Diffractive production of isolated photons with the ZEUS detector at HERA

Diffractive production of isolated photons with the ZEUS detector at HERA

Aharon Levy 
On behalf of the ZEUS Collaboration
Tel Aviv University, Tel Aviv, Israel
levyaron@post.tau.ac.il
Speaker.
Abstract

The photoproduction of isolated photons has been measured in diffractive events recorded by the ZEUS detector at HERA. Cross sections are evaluated in the photon transverse-energy and pseudorapidity ranges 5 15 GeV and inclusively and also with a jet with transverse energy and pseudorapidity in the ranges 4 35 GeV and -1.5 1.8, using a total integrated electron–proton luminosity of 374 . A number of kinematic variables were studied and compared to predictions from the Rapgap Monte Carlo model. An excess of data is observed above the Rapgap predictions for , where is the fraction of the longitudinal momentum of the colourless “Pomeron” exchange that is transferred to the photon–jet final state, giving evidence for direct Pomeron interactions.

Diffractive production of isolated photons with the ZEUS detector at HERA

 

Aharon Levythanks: Speaker.

On behalf of the ZEUS Collaboration

Tel Aviv University, Tel Aviv, Israel

levyaron@post.tau.ac.il

\abstract@cs

EPS-HEP 2017, European Physical Society conference on High Energy Physics 5-12 July 2017 Venice, Italy

1 Introduction

The HERA collider took data during the period 1992 - 2007. Its rich physics output covered hard processes in the deep inelastic scattering (DIS) regime down to soft interactions in the photoproduction region [1]. Hard processes were studied also in the photoproduction regime when a high scale was present. In the present talk, results are presented of hard scattered isolated photons associated with jets in the photoproduction region. The photoptroduction regime is usually defined as a region where the four-momentum squared between the scatted and the incoming electron, , is less than 1 GeV. In this region no scattered electron is observed.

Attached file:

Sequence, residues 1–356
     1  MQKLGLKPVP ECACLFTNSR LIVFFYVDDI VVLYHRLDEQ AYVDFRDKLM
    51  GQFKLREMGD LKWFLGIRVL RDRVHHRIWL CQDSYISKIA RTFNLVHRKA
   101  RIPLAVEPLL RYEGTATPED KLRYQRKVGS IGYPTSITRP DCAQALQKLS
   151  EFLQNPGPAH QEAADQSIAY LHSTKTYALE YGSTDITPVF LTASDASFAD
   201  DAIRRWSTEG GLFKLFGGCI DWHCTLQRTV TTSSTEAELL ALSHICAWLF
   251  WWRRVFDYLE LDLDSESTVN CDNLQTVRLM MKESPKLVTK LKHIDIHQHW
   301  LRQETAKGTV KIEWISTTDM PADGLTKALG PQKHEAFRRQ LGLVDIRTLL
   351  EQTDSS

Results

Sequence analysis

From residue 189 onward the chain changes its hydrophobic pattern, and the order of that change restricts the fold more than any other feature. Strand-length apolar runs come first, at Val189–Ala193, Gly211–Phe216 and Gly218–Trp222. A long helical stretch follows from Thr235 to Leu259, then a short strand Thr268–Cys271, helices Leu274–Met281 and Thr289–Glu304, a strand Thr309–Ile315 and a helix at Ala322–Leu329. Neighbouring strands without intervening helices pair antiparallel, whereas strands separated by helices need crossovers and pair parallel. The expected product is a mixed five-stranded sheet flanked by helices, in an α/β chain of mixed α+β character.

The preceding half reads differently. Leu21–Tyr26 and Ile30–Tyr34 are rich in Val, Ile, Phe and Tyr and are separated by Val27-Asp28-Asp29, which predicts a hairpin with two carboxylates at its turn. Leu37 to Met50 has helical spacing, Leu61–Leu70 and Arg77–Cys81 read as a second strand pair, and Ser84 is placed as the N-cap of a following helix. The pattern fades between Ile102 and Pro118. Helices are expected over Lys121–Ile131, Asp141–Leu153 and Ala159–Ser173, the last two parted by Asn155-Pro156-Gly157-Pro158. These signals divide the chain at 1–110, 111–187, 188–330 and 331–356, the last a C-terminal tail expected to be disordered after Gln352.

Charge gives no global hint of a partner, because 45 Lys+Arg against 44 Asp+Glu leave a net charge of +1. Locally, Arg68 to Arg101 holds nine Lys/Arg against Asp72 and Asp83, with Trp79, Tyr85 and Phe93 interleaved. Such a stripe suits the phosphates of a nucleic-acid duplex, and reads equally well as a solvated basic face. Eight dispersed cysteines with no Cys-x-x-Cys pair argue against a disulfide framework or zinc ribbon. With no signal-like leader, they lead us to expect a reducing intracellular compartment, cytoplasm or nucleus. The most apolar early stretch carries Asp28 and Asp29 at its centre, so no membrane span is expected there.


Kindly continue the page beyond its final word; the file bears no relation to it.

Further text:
HERA also showed that diffraction, usually thought to be a soft process, is present also in hard processes [2] resulting in events with a large rapidity gap. The results presented in this talk are of isolated photons (called hereafter prompt photons) which are diffractively produced. Analyses of prompt photons in the DIS [3] and the non-diffractive photoproduction [4] regions have already been presented by the two HERA collaborations.

The reaction studied here can be written as

(1.0)

where LRG is a large rapidity gap and pdis stands for proton dissociation. The LRG is also expressed by a the variable , which is the maximum pseudorapidity for energy-flow objects with energy of 0.4 GeV. Typially for diffraction events 2.5. The brackets on the right-hand side of the reaction describe states that are not observed in the detector. The prompt photon has a high transverse energy, 5 GeV, and represents hadrons or jets. The reaction (1) can be described as a reaction between the virtual photon, at thte electron vertex and the Pomeron, IP, at the proton vertex. The fraction of thte proton energy carried by the Pomeron is given to a good approximation by

(1.0)

where is the energy of the proton beam.

Having a hard scale, the partonic structure of their interaction can be studied. Both the exchanged photon and the Pomeron can act either as a whole (direct) or as a source of partons (resolved). These two classes of process, which are unambiguously defined only at the leading order (LO) of QCD, may be partially distinguished in events containing a high- photon and a jet by means of the quantity